The FCA has reviewed firms’ progress to embed the Duty into their businesses, providing good and poor practice examples for firms to improve and direct their implementation work.

By Nicola HiggsBecky CritchleyJaime O’Connell, and Dianne Bell

The Consumer Duty (Duty) rules (as set out under the FCA’s Policy Paper (PS22/9) and guidance document FG22/5) come into force at the end of July 2023. On 25 January 2023, the FCA published feedback on firms’ current implementation progress via its Multi-firm review: Consumer Duty Implementation Plans. While the FCA notes a number of positives, the overall impression is that firms need to do more and do it quickly.

A consultation that will remain open until 11 April 2023 offers further clarity on the proposals to regulate buy-now-pay-later products.

By Rob Moulton, Becky Critchley, Ella McGinn, and Dianne Bell

On 14 February 2023, HM Treasury published its consultation and accompanying draft legislation on the regulation of buy-now-pay-later (BNPL) lending. The consultation follows the proposals in HM Treasury’s prior publications released in October 2021 and June 2022, since the government announced its intention to bring currently unregulated BNPL products within scope of the regulatory perimeter. This latest consultation provides some welcome clarity on the approach to this upcoming sea change for firms operating in the BNPL space.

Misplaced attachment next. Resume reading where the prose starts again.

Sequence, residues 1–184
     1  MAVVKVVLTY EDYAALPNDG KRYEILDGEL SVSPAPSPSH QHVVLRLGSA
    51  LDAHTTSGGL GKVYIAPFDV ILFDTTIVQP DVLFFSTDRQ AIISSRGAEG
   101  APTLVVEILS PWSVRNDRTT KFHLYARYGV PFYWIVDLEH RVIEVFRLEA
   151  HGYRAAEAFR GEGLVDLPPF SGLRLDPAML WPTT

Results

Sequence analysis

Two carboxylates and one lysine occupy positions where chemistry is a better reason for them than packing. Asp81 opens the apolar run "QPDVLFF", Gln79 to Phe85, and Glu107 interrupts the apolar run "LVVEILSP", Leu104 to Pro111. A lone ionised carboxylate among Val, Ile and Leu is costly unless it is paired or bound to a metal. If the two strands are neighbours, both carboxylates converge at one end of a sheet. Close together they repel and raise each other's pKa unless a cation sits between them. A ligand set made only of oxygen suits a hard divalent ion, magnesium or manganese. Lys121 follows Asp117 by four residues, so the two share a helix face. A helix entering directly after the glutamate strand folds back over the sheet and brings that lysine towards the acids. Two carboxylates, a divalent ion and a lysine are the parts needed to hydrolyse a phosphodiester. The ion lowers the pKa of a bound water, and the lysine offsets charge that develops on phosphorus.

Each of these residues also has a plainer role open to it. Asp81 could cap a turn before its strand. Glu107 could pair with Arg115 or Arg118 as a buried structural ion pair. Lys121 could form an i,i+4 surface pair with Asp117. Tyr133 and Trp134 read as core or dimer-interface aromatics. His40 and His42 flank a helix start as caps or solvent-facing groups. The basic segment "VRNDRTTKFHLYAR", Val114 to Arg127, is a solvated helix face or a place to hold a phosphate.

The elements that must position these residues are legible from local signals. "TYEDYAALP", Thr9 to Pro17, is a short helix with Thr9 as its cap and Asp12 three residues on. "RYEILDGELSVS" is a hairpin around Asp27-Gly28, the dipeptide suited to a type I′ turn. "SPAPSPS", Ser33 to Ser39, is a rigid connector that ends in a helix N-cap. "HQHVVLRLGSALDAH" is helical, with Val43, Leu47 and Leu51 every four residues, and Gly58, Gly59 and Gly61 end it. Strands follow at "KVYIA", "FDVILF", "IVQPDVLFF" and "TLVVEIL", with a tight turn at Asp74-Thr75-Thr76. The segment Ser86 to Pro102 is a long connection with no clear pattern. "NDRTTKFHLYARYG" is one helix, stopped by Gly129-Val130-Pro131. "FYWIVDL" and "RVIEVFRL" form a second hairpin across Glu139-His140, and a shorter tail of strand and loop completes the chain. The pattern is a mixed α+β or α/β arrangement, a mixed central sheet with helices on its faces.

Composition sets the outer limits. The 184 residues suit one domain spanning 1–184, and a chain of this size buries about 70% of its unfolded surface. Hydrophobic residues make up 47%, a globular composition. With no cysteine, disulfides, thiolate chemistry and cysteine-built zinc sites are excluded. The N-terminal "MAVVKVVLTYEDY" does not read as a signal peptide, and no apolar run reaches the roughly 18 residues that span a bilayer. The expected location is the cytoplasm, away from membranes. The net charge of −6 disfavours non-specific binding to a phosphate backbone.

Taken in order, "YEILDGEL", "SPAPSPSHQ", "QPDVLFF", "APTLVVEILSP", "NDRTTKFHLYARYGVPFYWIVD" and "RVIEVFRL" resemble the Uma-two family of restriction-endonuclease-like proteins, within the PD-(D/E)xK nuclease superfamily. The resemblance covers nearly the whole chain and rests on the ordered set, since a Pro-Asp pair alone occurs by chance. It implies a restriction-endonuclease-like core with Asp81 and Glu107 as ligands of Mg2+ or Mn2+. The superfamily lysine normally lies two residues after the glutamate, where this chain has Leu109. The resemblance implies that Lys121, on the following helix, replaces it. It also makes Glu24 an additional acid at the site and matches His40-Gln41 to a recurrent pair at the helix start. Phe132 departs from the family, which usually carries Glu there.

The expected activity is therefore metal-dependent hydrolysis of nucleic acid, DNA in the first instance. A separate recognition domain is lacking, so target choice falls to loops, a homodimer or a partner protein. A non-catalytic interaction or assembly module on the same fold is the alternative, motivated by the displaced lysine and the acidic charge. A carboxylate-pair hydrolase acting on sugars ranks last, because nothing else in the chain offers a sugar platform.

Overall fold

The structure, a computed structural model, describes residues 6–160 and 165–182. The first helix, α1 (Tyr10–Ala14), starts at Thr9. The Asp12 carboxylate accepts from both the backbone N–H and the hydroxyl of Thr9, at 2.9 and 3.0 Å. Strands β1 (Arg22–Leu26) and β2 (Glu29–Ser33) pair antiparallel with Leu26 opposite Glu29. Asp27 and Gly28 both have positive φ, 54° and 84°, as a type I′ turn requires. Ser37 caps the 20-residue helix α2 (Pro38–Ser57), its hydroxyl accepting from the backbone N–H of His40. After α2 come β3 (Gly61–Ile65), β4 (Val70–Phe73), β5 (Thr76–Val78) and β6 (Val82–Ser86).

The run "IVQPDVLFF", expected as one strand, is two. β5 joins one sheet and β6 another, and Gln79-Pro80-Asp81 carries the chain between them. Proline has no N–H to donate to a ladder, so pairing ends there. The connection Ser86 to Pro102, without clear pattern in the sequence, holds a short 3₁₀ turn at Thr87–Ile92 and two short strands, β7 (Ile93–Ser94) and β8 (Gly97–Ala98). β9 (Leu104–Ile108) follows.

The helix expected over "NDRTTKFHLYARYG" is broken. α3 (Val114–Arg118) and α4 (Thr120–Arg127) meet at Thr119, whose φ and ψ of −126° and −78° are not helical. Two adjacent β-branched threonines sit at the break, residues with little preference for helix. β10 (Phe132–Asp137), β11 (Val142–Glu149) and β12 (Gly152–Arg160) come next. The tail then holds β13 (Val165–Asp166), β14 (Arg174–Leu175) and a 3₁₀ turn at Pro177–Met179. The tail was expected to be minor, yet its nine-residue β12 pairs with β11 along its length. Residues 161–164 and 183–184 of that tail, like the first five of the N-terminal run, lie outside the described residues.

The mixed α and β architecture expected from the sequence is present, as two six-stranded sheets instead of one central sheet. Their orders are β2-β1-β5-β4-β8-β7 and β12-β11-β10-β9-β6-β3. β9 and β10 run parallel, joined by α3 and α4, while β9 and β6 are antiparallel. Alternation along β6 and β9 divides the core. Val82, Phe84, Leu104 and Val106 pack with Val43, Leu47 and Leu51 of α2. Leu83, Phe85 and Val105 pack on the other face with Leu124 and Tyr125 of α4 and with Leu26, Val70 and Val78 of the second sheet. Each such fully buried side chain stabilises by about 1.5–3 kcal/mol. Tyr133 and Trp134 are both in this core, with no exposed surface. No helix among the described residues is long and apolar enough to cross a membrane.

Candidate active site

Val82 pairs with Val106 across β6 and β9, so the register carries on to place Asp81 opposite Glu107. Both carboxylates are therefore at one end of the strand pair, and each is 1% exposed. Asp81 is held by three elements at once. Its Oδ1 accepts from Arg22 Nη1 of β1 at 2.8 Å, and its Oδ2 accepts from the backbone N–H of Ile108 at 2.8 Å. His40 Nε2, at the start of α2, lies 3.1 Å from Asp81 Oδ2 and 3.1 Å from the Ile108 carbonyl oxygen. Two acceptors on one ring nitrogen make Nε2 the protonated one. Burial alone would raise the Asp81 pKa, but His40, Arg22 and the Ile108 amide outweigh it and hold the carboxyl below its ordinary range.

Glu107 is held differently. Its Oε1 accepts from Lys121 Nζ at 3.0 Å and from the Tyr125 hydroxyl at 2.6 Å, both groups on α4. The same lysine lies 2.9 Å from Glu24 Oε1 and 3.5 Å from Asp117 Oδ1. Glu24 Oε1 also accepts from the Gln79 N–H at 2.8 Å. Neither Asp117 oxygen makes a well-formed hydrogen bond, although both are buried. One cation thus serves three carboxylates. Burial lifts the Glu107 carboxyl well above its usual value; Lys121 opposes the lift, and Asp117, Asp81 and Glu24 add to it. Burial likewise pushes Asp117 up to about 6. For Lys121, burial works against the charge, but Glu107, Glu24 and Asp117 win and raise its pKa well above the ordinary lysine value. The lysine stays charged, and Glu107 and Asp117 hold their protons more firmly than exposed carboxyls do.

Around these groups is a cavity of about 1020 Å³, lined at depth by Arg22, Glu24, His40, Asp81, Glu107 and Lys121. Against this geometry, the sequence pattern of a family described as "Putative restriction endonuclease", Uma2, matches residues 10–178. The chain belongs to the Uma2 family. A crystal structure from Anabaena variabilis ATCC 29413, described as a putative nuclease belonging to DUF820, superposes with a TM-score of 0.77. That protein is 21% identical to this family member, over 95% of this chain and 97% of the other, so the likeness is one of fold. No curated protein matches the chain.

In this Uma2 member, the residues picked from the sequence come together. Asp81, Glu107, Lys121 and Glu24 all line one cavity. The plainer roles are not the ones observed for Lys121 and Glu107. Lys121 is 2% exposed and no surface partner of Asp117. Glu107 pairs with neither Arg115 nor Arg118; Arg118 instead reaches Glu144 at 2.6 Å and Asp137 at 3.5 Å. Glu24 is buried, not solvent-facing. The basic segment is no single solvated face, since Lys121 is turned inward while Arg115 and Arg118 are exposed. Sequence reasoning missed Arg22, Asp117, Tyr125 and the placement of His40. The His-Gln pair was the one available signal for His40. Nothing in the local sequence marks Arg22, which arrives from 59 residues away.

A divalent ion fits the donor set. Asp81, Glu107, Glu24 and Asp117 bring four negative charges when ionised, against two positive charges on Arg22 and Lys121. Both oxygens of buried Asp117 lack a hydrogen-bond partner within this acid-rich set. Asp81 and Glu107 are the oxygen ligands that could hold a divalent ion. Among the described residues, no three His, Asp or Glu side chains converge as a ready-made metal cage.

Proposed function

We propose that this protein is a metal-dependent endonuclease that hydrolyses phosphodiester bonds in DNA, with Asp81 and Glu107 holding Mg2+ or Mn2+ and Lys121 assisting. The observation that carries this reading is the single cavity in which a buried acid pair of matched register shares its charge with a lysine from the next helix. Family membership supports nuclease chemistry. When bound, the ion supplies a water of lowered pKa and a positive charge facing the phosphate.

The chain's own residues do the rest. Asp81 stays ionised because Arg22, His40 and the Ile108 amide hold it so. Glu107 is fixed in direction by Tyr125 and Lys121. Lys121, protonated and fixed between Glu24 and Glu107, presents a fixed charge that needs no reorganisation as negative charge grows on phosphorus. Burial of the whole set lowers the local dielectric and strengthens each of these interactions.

The key changes will be effected by amending the current fixed-sum interest-free credit exemption in Article 60F(2) of the Financial Services and Markets Act 2000 (Regulated Activities) Order 2001 (RAO). BNPL lending usually falls within this exemption as such agreements meet the conditions as interest-free loans repayable in under 12 months and in 12 or fewer instalments. Article 60F(3), which provides an exemption for running-account credit, will remain unchanged.

Monitoring the progress of the Financial Services and Markets Bill and regulatory divergence between the UK and the EU will continue as a key theme in 2023. 

The Financial Services and Markets Bill leaves a significant amount of the essential regulatory detail to be developed later by HM Treasury (through regulations), followed by development of the specific rules by the regulators. Therefore, firms operating in the financial services sector will face legal and regulatory uncertainty as to the UK’s regime